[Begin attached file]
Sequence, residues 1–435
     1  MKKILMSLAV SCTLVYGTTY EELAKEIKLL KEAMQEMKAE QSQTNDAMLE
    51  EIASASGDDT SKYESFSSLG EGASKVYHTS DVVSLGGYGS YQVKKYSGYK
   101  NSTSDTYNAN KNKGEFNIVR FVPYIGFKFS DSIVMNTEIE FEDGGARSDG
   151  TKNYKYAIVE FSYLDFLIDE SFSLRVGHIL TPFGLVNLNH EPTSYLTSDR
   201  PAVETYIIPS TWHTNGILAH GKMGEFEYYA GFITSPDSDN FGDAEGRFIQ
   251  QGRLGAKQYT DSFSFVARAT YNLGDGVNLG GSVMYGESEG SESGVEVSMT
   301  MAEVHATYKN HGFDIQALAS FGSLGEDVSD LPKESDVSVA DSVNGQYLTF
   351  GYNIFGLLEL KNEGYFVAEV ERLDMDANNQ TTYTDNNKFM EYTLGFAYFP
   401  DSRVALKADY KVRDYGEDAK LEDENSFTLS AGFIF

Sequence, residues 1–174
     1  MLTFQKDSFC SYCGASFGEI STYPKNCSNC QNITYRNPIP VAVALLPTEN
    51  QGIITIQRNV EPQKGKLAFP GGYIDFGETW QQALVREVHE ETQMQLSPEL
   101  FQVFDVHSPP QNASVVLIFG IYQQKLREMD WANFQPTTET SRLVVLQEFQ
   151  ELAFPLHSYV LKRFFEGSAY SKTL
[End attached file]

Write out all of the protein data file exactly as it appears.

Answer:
Sequence, residues 1–435
     1  MKKILMSLAV SCTLVYGTTY EELAKEIKLL KEAMQEMKAE QSQTNDAMLE
    51  EIASASGDDT SKYESFSSLG EGASKVYHTS DVVSLGGYGS YQVKKYSGYK
   101  NSTSDTYNAN KNKGEFNIVR FVPYIGFKFS DSIVMNTEIE FEDGGARSDG
   151  TKNYKYAIVE FSYLDFLIDE SFSLRVGHIL TPFGLVNLNH EPTSYLTSDR
   201  PAVETYIIPS TWHTNGILAH GKMGEFEYYA GFITSPDSDN FGDAEGRFIQ
   251  QGRLGAKQYT DSFSFVARAT YNLGDGVNLG GSVMYGESEG SESGVEVSMT
   301  MAEVHATYKN HGFDIQALAS FGSLGEDVSD LPKESDVSVA DSVNGQYLTF
   351  GYNIFGLLEL KNEGYFVAEV ERLDMDANNQ TTYTDNNKFM EYTLGFAYFP
   401  DSRVALKADY KVRDYGEDAK LEDENSFTLS AGFIF

Sequence, residues 1–174
     1  MLTFQKDSFC SYCGASFGEI STYPKNCSNC QNITYRNPIP VAVALLPTEN
    51  QGIITIQRNV EPQKGKLAFP GGYIDFGETW QQALVREVHE ETQMQLSPEL
   101  FQVFDVHSPP QNASVVLIFG IYQQKLREMD WANFQPTTET SRLVVLQEFQ
   151  ELAFPLHSYV LKRFFEGSAY SKTL